For those people, those emotions will likely be triggered by a new exhibit at the Elizabethton/Carter County Library through the month of September. The exhibit, titled “Renewal” is coming to the library after its debut at the Reese Museum at East Tennessee State University earlier this summer.
The exhibit is a classic “then and now” presentation of photographs taken in downtown Elizabethton before urban renewal started and the way the same location looks today.
The “before” photographs were black and white photographs taken by the Elizabethton Department of Planning and Development as part of an effort to qualify for federal funding for an urban renewal project in the downtown areas.
As part of the process for the early 1970s application, every property in the proposed renewal area was photographed. The file of photographs became an unplanned time capsule that was only recently opened when Elizabethton Planning Director Jon Hartman transferred them from the active files to City Archivist Joe Penza.
Penza said the photographs were small, only about 3-by-5 inches. They were initially inventoried by archives volunteer and local historical author Ruth Knight Bailey. In all, there were about 250 photographs in the file.
Penza knew these files would have sentimental value to citizens who grew up or were young adults during this time. He also knew it would be a way to show young people what the city looked like just a few years or decades before they were born.
“I knew this would make for a great ‘Then & Now’ photograph display if we could just get the images digitized and partner with an experienced photographer to create the ‘Now’ photos,” Penza said.
He contacted Katie Sheffield at the ETSU Art and Design Department. Penza knew she had an interest in urban and black and white photography. When Penza showed her what he had, she was pleased to work on the project. She began digitizing the 40-year-old photographs.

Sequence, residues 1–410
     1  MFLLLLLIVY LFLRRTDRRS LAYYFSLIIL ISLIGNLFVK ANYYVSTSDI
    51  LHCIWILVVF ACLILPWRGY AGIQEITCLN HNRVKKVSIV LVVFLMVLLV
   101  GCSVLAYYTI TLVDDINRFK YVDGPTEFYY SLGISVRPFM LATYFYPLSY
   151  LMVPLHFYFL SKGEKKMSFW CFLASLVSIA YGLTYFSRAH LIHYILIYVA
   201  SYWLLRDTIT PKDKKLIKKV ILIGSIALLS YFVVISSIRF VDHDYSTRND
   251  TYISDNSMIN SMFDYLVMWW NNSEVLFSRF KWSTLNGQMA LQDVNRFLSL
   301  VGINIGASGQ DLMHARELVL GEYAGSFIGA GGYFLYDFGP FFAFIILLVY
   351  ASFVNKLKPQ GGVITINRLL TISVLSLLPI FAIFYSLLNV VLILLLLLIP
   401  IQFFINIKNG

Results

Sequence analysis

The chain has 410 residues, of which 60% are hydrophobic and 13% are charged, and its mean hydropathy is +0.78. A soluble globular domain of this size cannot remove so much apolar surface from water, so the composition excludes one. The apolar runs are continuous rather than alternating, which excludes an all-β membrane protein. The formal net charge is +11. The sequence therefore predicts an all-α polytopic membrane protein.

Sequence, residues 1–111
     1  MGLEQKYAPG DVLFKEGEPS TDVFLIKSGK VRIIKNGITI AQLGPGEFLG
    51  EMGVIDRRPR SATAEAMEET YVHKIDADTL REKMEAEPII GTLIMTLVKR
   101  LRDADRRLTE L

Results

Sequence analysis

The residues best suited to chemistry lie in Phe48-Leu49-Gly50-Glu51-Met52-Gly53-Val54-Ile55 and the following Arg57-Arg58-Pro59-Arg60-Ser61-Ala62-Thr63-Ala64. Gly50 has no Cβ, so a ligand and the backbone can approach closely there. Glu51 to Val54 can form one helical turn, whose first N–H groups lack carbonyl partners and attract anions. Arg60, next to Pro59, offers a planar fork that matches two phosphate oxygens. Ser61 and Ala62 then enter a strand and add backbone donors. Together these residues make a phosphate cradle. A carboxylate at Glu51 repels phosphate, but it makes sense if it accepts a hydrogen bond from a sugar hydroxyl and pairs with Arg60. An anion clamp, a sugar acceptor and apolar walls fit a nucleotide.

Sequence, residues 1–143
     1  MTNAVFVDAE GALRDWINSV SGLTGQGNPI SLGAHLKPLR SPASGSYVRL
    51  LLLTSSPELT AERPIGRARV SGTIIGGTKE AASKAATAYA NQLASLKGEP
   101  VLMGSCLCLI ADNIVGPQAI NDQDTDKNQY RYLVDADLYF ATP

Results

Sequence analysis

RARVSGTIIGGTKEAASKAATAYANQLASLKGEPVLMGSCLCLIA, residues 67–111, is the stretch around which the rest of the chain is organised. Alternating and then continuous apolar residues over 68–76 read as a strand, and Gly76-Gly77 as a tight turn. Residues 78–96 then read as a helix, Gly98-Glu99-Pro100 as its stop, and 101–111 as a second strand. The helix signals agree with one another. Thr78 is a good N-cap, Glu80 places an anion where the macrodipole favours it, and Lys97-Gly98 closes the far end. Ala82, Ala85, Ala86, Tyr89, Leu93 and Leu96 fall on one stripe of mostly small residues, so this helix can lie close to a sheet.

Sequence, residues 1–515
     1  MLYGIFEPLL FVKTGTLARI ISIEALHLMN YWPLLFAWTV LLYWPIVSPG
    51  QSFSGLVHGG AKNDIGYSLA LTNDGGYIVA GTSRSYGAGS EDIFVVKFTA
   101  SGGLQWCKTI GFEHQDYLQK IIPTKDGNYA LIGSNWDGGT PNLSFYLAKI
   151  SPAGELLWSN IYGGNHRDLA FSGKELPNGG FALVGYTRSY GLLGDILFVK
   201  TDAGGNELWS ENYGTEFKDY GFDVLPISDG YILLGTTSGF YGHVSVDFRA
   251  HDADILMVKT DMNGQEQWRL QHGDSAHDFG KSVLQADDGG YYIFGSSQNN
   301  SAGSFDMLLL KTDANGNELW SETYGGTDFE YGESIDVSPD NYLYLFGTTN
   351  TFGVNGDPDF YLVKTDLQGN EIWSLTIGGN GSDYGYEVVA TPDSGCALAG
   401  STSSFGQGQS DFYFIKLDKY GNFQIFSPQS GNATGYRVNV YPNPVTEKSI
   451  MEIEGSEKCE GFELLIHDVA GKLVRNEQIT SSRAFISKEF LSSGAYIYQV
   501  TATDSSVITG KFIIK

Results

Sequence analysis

After the job of scanning and digitizing all the photos, the next job for Sheffield was to painstakingly take photographs of the same locations from the same vantage points
With that, the then and now was accomplished, showing how much downtown Elizabethton has changed over the last 40 years. Some of the photos show complete change, such as the Old Lynnwood Hotel, which is now a parking lot.
The densely crowded neighborhoods of Cat Island have been transformed into parks and playgrounds. Many of the downtown stores have only slight changes, while other buildings have been transformed. The downtown canopy has become an accepted part of the landscape.
Penza said one of the things the early photos show is a downtown with a wide variety of businesses. The downtown area was a viable economic zone with interdependent parts. He said it also had two-way traffic and angled parking.
That contrasts with the present, in which antique shops are a dominant type of business. There are not many shops selling the items that Walmart features. The one-way traffic also discourages westbound traffic by routing it onto Broad Street, Penza said.
“I don’t think they were thinking of destroying businesses when the City Council diverted that traffic onto Broad Street,” Penza said.
But the Then and Now exhibit did not have any way to publicly display the time capsule. That was accomplished through more partnerships, Penza said.
Karlota I. Contreras-Koterbay, director of the Slocumb Gallery at East Tennessee State University and the Reece Museum, loaned easels and frames in order to display the time capsule.
“Without all those partnerships, this exhibit would not have been possible,” Penza said.
Although the before and now photographs do not require any words, especially for the people of Carter County who have strong memories of the sites, Penza has included a display of old newspapers from the 1970s that ran stories and editorials on urban renewal.
The words of promises and federal largesse add to the photography to continue a decades old debate on the impact of urban renewal.
Penza has thought a lot about the debate as he put together the exhibit.
“It must have been really hard for someone on City Council,” Penza said, thinking of the displacement of neighborhoods and the destruction of the Lynnwood. “There were a lot of people saying they did not want to move away.”
He then thought of the editorials and the pressures from a different direction. “How could you justify leaving $4 million of federal money on the table?”